Longshore Act

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Longshore Act: (Harbor Workers Compensation Act)Longshore Act

The Longshore and Harbor Workers’ Compensation Act provides medical coverage for longshoremen employed on navigable waters in the U.S. The act was written to meet the needs of longshoremen working in states where workers’ compensation did not apply or was not available to longshoremen. Amended by Congress in 1984, the act now applies to all maritime workers who work in and around navigable waters and piers in jobs related to maritime activity. Unlike the Jones Act, the Longshore Act does not apply to seamen.

Who Is Covered

  • Checkers
  • Crane operators
  • Dock construction workers
  • Employees loading and unloading cargo
  • Gearlockers
  • Mechanics
  • Oil-production fixed-platform workers
  • Ship repairers
  • Workers disassembling ships


Coverage under the act includes medical and disability benefits. Not only are injuries covered but also illnesses caused by certain jobs. Maritime workers and longshoremen exposed to toxic chemicals in the course of their job may claim benefits for chronic conditions caused by illnesses linked to toxic exposure.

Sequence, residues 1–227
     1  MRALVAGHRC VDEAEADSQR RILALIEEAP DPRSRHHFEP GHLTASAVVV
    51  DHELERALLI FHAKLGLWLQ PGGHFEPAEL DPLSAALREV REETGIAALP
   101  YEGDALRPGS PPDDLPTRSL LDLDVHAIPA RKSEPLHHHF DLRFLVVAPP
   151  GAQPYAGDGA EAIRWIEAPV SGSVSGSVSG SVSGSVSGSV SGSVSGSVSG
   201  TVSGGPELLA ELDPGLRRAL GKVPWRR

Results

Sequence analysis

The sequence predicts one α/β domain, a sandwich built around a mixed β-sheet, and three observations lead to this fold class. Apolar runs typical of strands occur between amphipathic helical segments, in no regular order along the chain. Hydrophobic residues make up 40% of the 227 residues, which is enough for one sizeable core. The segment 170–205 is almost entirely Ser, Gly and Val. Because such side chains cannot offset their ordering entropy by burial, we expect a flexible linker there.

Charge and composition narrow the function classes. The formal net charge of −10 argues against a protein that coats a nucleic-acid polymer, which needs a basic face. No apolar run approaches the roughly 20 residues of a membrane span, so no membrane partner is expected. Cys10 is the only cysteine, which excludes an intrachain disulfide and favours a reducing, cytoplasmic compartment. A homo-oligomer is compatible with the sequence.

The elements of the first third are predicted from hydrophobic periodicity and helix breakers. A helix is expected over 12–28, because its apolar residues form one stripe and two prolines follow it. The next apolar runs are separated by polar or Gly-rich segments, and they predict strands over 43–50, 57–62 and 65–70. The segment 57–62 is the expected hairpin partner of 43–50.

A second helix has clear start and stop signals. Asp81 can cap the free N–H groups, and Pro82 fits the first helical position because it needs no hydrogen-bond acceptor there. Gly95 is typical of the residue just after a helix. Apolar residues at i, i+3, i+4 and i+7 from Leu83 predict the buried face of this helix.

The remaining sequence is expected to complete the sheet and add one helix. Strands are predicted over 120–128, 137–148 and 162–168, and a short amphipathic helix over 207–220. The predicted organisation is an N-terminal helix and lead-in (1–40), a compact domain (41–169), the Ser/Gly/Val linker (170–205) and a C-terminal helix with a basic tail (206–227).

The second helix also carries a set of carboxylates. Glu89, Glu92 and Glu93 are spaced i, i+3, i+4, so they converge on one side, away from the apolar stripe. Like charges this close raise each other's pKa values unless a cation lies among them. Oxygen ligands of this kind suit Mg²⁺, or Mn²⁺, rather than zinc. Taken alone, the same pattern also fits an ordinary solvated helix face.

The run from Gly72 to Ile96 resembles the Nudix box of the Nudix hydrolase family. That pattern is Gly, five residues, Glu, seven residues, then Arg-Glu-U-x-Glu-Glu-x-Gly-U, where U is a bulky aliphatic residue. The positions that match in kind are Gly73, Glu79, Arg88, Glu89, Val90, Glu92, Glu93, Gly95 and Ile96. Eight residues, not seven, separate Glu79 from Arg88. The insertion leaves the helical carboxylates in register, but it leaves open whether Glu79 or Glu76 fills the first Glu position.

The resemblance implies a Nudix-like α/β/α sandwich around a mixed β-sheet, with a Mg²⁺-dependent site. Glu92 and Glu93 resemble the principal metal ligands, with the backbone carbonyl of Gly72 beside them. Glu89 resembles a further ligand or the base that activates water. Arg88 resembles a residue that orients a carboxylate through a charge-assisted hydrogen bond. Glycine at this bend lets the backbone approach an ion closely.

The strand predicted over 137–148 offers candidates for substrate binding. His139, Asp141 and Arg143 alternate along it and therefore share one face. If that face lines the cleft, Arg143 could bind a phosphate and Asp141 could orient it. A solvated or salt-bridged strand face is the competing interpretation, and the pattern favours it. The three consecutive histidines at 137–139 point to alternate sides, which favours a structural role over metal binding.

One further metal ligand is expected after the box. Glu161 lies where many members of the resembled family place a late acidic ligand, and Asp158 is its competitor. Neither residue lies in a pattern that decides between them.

Under the Longshore Act, injured workers may recover medical costs, lost wages and other compensation for costs associated with on-the-job injuries. Eligible maritime workers must notify their employer within 30 days of the injury in order to claim benefits under the act. Because the act is a federal law, injured workers are required to file a claim for benefits with the Labor Department within one year of their injury.

Third-Party Liability

Additionally, under the terms of the act, injured workers may pursue damages against negligent third parties (persons or parties other than the employer or co-worker) responsible for causing their injuries.

Employer-Disputed Claims

While it is not necessary to establish fault or negligence on the part of an employer to receive benefits under the act, an employer can dispute a claim. Should an employer reject an employee’s claim, mediation is required. If the parties cannot agree on a settlement, a Labor Department administrative law judge will hold a hearing and determine a binding decision.